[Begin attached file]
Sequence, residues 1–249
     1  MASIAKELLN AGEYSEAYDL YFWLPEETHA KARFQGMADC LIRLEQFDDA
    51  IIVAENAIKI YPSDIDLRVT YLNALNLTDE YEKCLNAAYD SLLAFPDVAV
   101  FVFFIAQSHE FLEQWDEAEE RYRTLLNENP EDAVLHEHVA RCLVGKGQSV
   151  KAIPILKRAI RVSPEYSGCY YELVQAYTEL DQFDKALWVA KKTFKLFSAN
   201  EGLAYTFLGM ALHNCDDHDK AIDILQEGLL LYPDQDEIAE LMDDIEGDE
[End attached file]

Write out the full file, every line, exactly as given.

Sequence, residues 1–249
     1  MASIAKELLN AGEYSEAYDL YFWLPEETHA KARFQGMADC LIRLEQFDDA
    51  IIVAENAIKI YPSDIDLRVT YLNALNLTDE YEKCLNAAYD SLLAFPDVAV
   101  FVFFIAQSHE FLEQWDEAEE RYRTLLNENP EDAVLHEHVA RCLVGKGQSV
   151  KAIPILKRAI RVSPEYSGCY YELVQAYTEL DQFDKALWVA KKTFKLFSAN
   201  EGLAYTFLGM ALHNCDDHDK AIDILQEGLL LYPDQDEIAE LMDDIEGDE